Diablog: Go Pro

Hey, what happened?

Sorry. I was just going back and forth between surround and stereo.

It was as though the music just disappeared. Not entirely, but it became a shadow of its former self.

Ha. You're becoming a surround buff. Would you be surprised to learn we're listening to a CD?

It's one of those special CDs, right? Super Audio CD? Look, I'm actually starting to inhabit your insane dream world.

Actually it's just a regular two-channel CD.

You're up to your old tricks again. Taking something simple and making it more complicated. Still, I must admit it sounded better coming out of five speakers than it did out of two.

That's why I use the Dolby Pro Logic II music mode most of the time even when I'm listening to something recorded in stereo.

Oooh, talk Dolby to me. How many Dolbys are there in your system, anyway?

That is truly a loaded question and I'll get to it some other time. The one I'm talking about is the circuit that adapts two-channel music and movie sources to 5.1-channel surround. It was invented by Jim Fosgate, who lives in Utah and is truly one of the eccentric geniuses of our industry. He didn't design the original Pro Logic, which is strictly for movies, but he invented a new way of processing two channels into five.

I must admit it works. What's Jim like? It's rare for you to actually bring up a human being.

A quiet but intense man, soft-spoken and circumspect. The idea for DPLII came to him in a dream. Then he spent months working it out on paper. Then he sold it to the Dolby people. They had to run their supercomputers 24 hours a day for three months to digitize the analog circuit that Jim's mind created organically.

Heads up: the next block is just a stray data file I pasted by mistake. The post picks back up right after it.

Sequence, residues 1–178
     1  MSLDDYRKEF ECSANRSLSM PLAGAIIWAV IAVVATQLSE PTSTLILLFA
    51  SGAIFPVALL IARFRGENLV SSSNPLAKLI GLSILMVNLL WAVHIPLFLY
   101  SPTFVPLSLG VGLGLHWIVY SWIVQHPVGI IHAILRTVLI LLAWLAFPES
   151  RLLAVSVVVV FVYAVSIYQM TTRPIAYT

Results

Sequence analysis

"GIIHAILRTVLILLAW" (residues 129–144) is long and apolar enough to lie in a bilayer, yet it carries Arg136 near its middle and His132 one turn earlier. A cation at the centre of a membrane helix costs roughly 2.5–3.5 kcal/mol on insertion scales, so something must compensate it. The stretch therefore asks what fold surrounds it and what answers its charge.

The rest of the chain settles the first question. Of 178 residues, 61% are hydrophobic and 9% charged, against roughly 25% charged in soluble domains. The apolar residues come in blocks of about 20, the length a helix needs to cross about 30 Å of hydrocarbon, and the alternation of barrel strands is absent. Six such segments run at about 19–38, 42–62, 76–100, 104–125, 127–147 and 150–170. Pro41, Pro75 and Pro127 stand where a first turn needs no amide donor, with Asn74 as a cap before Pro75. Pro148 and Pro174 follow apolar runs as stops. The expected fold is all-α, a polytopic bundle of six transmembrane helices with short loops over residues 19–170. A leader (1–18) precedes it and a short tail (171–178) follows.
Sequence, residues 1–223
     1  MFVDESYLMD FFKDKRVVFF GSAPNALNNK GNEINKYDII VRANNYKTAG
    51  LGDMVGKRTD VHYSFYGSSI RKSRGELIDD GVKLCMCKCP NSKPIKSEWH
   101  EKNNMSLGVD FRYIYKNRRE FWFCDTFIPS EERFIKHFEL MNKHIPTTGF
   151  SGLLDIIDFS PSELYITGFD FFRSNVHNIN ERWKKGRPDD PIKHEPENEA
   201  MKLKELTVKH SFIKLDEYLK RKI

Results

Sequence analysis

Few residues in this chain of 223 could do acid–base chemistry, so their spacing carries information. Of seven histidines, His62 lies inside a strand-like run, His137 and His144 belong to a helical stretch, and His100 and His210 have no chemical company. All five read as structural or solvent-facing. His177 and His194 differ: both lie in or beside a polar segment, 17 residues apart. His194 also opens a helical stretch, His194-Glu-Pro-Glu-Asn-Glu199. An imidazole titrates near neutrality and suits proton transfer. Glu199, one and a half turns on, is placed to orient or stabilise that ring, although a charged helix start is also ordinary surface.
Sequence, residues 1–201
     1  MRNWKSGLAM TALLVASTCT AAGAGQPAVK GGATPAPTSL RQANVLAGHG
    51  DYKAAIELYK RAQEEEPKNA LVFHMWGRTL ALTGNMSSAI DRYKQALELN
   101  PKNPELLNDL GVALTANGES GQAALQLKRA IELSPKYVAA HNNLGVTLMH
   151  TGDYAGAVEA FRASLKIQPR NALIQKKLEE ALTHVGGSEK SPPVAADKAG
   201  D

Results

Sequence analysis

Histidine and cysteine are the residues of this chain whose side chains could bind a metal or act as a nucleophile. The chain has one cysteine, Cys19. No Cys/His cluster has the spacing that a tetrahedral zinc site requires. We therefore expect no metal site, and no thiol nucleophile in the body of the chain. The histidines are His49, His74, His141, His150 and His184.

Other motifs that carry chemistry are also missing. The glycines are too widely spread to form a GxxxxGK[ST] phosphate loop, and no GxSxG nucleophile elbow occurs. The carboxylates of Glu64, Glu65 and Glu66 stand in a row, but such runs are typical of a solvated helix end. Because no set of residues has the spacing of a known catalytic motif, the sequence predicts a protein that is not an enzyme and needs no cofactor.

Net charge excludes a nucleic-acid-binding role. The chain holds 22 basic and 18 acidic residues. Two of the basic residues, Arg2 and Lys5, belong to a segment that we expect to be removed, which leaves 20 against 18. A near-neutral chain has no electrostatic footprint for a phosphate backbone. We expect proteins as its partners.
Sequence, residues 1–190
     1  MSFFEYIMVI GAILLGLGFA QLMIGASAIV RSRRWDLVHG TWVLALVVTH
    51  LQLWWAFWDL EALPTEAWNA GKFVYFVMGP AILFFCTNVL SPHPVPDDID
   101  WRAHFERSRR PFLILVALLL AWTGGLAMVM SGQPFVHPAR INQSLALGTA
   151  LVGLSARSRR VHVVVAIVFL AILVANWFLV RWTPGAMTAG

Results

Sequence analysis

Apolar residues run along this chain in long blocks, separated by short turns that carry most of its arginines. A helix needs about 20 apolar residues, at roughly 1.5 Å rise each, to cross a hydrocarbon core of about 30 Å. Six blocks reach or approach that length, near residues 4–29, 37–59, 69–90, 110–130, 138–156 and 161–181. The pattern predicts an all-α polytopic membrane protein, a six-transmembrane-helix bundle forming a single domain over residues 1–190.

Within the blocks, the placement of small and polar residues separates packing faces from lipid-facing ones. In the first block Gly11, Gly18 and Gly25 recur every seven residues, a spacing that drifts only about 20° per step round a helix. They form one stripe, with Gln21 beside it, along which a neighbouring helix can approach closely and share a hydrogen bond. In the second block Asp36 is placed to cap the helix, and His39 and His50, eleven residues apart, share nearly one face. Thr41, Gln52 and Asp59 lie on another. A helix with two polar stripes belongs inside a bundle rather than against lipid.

Sounds expensive. Is this some kind of high-end gear we're listening to?

Actually you can get Dolby Pro Logic II in pretty much any new model of surround receiver sold these days. It's in everything, even most HTIB systems. For manufacturers and consumers alike, that's the advantage of doing business with Dolby -- the company is a credible standard setter and its surround formats are universal. There are other processing modes from other companies that do the same thing but I like DPLII best because it has the most natural sound. Same feel as the stereo original, except better. And I can adjust it.

Must you?

Well, at least the first time you set up a system, it's a good idea. DPLII lets you adjust the side-to-side balance, concentrating the sound in the front center speaker or moving it off to the sides, so you needn't depend too heavily on a nonmatching center speaker if you don't want to. Then there's a front-to-back adjustment. You want that to send just enough information to the surround channels to sweeten the sound -- not enough to become intrusive. In both cases, I usually go for middle settings, and even you admit to liking the results.

Yes. I do. Now shut up and put Norah Jones back on. In Jim Dolby or whatever it is.

We'll turn you into an audiophile yet.

Mark Fleischmann is the author of the annually updated book Practical Home Theater. For links to the latest edition, visit www.quietriverpress.com.

Harold Wheeler's picture

Does DPL II perform differently on different equipment? (Sorry if this sounds like a stupid quesion.) I have noticed that my son's $250 receiver seems to create a better surround image than my $2200 processor.

Mark's picture

The basic Dolby-licensed circuit follows Dolby-dictated parameters though the specific piece of silicon used to implement it may vary in performance (MIPS, resolution, etc). Some of the adjustment options may not be in all DPLII gear. It's possible that you and your son are not using the same center-width and front-to-back settings.

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